Yes, you read it right! You should visit Iran. I won’t spend any words on how safe Iran is, or why the Middle East is not like what you think, or how it is not like you expect. I have already written those articles. The gist of it is that Iran is an ordinary country, like what you could say of France or Spain.
A trip to Iran can teach you a lot, make a better person out of you and, without much effort, improve the whole world by a tiny bit. So no, I will not write another article or why you shouldn’t be afraid of this or worried about that, where I simply dispel wrong commonly held assumptions about this beautiful country. I will instead concentrate on why you should come from the perspective of what you can take from Iran or give to it, through the lens of my own experience here.
First of all, let me state the obvious: Iran is an amazingly beautiful country. Whether you decide to explore cultures and traditions, or history, or landscapes, expect to be stunned.
You can climb enormous mountains, such as Mount Damavand. You can walk through the lush forests of northern Iran. You can go alone in the unique Lut desert, and experience a sense of freedom you had not fathomed before. You could get addicted to it. In winter, you can even see small villages at the edge of the sand deserts covered in snow.
You can visit Iran to see the old capitals of the Persian empire, more than two and a half millennia old. You can see mesmerizing ceremonies, such as Ashura. You can walk in the kaleidoscope of colours of the Pink Mosque. And I’d rather not start writing about the food… it would take me pages to describe all the best things.
The many different mentalities, traditions and foods that dot Iran are available for you to experience because this country is unmistakably a multicultural society. No, not a multicultural society as in the United States, where racial segregation has only recently been ended, and subcultures cyclically bring racial tensions to a boiling point. And not multicultural like Europe, where huge political rifts form because of a few desperate refugees and migrants. In Iran, nobody uses buzzwords such as “assimilation” or “integration”. No media, in its own limited powers, promotes divisive discussions on these matters in the hope to obtain more viewers. Here, such concepts are entirely alien.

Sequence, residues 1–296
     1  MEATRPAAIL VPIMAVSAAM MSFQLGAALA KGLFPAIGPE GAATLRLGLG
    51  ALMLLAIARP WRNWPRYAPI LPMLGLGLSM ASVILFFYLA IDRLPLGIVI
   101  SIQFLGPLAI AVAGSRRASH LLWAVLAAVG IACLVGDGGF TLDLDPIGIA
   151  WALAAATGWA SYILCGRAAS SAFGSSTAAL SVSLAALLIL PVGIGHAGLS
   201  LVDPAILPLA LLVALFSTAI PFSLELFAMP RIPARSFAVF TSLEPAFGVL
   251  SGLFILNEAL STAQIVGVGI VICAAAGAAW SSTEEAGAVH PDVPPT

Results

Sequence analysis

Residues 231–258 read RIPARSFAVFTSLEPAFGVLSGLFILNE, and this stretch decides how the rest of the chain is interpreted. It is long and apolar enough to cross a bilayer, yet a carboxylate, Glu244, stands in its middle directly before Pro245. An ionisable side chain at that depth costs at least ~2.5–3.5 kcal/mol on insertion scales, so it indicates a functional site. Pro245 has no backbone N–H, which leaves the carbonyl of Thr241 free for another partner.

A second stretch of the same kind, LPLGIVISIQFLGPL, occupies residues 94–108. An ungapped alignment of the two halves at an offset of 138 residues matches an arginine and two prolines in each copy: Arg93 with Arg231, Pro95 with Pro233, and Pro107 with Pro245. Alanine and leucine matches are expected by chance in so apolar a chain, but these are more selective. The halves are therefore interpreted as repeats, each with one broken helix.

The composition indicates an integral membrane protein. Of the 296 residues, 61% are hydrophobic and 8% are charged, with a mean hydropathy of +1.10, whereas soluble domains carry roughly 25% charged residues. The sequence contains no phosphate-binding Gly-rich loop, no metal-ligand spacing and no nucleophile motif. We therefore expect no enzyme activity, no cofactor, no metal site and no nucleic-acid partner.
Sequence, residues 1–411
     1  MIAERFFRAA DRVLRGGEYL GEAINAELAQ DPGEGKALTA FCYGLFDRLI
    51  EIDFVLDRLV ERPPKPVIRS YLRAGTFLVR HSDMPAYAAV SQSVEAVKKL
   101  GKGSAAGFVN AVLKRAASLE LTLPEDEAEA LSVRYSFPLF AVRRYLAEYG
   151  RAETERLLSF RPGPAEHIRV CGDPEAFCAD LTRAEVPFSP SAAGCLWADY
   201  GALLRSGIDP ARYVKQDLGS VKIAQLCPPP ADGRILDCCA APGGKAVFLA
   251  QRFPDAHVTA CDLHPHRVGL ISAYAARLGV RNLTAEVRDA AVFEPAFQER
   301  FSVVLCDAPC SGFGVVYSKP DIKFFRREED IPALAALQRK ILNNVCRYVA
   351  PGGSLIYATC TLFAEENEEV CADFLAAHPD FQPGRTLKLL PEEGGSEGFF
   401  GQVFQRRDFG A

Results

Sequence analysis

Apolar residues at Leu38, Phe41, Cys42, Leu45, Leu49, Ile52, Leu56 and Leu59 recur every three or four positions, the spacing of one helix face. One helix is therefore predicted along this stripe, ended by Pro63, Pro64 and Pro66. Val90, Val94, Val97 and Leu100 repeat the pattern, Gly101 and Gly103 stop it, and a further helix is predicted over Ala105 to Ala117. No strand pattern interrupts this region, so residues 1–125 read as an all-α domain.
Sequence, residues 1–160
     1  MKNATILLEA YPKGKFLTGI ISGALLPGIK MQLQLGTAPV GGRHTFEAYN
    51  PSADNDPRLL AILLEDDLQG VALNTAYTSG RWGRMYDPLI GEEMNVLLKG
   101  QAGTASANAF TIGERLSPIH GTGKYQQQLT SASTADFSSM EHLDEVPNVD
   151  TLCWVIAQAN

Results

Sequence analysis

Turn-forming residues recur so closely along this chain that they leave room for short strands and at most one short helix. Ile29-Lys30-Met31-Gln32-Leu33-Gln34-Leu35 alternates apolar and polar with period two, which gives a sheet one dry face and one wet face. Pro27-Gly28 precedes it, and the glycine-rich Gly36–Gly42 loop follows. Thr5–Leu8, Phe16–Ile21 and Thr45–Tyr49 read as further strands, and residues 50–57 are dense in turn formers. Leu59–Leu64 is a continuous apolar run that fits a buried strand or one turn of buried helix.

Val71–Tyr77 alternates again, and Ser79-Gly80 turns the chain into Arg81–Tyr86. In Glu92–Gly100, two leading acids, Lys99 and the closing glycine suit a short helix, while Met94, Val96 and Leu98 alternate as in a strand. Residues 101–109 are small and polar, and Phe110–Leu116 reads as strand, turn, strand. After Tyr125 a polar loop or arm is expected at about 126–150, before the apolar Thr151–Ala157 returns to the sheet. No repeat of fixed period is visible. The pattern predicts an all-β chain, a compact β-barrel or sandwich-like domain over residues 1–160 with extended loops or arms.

Iran was the first truly multicultural empire in human history, and it adopted the diversity of its people with open arms. Since the 6th century B.C. laws and arts here were promoting unity through diversity. For example, in the ancient city of Persepolis, art styles from different and very far apart regions of the empire can be seen.
Kurds, Armenians and Azeri Turks in the West, Afghan and Baluchi in the East, Central Asian Turks in the north, Arabs in the South, Qashqai nomads, and Baluchs live together in harmony in Iran.
They speak their language at home and Farsi in public. All of them maintain, and sometimes publicly display their ethnic traditions. Many of them still wear their traditional costumes everywhere, be it bazaar, office or place of work. A person from Tehran going to Tabriz will feel like a foreigner in his/her own country, yet will not feel the impulse of insulting the local Turks. Iraqi soldiers tortured, raped and murdered Iranians just thirty years ago, yet now Iraqi immigrants in Iran aren’t pilloried because of it.
An interesting personal example of how multiculturalism is at the core of the Iranian society is my girlfriend and her family, whose origins are in Tehran only. She has a Turkish-Iranian name. Her sister has a Kurdish name, her father an Arab one, while her mother has a European one.
Needless to say, visiting Iran is an eye-opening experience on what inter-cultural tolerance is all about. As did I on many other things. On a simple personal well-being perspective, I can say that travelling here has been quite a boon.